However, today’s western society is so divided, that it is unable to accept such a reality anymore. In the recent elections, we witnessed how frantically each side felt that the other was threatening its very existence. The resistance to differing ideologies is so strong that many cannot come to accept the results of the democratic vote; while leaders acknowledge they must find solutions to, somehow, heal the divide, if they wish to govern stable societies.
The current paradigm of artificial transitions of power between differing ideologies, supported by only part of the population, has become increasingly dangerous. Prosperity and social stability can only be achieved when people of differing opinions and interests are able to come together under a shared purpose.
Systems Thinking: The Next Frontier of Human Society
Looking at complex systems in nature, we see that contradicting elements complement one another for their survival and progress. The brain, the immune system, ant colonies, and human society, are all examples of complex systems.
Findings in Neurophysiology teach us how behavior correlates with the cooperative activity of many millions of individual neurons rather than a favored powerful few. Similarly, the brain is divided into left and right hemispheres, which perform different, and contradictory functions, yet work together in complete harmony.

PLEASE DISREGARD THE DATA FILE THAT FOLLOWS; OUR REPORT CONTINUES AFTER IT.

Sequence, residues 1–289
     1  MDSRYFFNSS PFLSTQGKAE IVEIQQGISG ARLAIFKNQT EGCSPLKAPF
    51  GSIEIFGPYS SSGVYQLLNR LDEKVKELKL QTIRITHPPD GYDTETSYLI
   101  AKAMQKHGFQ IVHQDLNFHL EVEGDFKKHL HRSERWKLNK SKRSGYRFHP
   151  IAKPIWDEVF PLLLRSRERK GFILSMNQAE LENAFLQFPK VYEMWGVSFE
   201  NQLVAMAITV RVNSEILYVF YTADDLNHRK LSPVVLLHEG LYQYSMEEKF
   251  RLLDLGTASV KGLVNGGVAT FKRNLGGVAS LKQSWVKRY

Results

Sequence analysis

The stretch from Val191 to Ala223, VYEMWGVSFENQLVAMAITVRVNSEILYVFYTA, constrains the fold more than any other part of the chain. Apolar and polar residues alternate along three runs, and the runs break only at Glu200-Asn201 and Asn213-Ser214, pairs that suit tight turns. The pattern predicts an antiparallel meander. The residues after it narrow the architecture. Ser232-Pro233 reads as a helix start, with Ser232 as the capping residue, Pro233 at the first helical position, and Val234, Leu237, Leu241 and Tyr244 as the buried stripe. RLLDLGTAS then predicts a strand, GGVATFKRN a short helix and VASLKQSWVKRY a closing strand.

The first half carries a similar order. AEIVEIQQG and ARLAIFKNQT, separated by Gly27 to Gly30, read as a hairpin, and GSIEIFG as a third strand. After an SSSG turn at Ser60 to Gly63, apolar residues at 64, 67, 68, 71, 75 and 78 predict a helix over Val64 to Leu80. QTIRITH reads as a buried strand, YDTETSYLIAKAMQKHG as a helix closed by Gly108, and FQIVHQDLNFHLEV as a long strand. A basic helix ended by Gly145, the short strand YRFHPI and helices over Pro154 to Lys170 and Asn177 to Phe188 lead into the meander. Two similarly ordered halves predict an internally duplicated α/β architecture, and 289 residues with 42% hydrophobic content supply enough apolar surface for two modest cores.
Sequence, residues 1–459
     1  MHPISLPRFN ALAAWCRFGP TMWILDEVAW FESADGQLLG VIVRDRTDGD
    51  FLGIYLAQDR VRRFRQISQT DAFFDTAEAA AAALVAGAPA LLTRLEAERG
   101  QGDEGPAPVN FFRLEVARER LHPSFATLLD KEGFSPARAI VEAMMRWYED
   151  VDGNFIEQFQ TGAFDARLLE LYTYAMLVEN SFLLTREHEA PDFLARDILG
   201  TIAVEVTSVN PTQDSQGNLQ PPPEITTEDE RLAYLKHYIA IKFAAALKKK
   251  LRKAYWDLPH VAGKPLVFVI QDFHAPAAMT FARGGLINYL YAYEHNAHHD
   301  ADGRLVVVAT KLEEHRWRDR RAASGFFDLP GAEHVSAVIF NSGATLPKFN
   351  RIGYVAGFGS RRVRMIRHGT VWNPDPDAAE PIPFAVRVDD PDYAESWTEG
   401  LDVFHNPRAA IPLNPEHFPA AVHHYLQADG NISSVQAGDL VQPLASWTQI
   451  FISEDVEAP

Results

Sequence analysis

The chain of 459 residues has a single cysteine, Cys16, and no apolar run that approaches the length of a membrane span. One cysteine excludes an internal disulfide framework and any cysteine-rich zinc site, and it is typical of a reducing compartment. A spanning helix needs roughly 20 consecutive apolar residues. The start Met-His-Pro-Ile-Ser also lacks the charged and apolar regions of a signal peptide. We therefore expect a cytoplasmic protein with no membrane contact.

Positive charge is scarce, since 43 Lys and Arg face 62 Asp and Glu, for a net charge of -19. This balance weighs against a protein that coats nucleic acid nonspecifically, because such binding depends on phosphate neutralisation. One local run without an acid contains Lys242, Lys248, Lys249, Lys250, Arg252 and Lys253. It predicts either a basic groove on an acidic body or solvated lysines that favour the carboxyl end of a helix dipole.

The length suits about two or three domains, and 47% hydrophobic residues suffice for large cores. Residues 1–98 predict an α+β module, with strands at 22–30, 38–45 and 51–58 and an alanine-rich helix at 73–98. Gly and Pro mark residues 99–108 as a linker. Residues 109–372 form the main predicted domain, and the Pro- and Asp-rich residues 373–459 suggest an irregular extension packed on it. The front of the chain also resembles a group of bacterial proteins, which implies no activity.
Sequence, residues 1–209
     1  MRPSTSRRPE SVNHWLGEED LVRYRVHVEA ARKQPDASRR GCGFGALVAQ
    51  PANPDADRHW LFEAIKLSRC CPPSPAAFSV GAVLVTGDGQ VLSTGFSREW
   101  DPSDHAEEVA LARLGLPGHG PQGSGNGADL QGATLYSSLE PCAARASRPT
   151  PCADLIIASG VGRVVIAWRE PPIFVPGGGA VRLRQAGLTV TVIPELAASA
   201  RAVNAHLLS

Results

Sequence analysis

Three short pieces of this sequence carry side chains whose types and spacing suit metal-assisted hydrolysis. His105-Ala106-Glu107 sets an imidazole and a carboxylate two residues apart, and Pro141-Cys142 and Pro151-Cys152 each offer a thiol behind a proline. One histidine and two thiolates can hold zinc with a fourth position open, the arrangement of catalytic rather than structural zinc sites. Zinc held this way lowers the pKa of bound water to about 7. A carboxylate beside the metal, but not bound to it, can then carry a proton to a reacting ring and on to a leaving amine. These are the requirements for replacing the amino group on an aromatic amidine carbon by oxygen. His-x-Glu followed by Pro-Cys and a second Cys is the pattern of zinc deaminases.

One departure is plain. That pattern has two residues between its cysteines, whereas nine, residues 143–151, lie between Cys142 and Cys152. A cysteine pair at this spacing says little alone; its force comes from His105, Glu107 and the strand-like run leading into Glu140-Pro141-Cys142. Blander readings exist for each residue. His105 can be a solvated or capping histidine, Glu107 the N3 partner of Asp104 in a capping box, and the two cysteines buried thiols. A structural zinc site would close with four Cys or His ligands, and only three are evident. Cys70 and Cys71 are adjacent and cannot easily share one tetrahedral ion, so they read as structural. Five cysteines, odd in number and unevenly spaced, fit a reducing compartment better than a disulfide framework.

Despite its cooperative form, competition is not absent within a complex system. It operates to maintain or strengthen certain properties while constraining or eliminating others, contributing to the overall state of balance. A great example of this was the reintroduction of predatory wolves into Yellowstone Park, which brought about the astonishing revival of the dwindling ecosystem.
It is time for us to acknowledge that these natural laws apply to us too, as we are now reaching a point where the stability of the human system depends on our ability to adhere to them through mutual complementation.
From our subjective perspectives, we tend to look at certain elements of society as “bad” or unnecessary. However, in nature, all parts are essential as long as they serve the overall purpose: balance and prosperity of the whole.
In his essay, “Peace in the World,” one of the greatest Jewish sages, Baal HaSulam writes that “Everything that exists in reality, the good and the bad, and even the most evil and destructive things of our world – has the right to exist, and mustn’t be eradicated. The only thing that we must do is correct it and bring it to its proper use”. This can be achieved when inner tendencies, whatever they are, are used for the benefit of the whole.
Indeed, models of complex systems have long been adapted to explain human social behavior. Jane Jacobs has argued in her book, Cities and the Wealth of Nations: Principles of Economic Life, that when large nation-states govern their cities through centralized control and centralized problem solving, it can stifle creativity and prevent the development of greater efficiencies.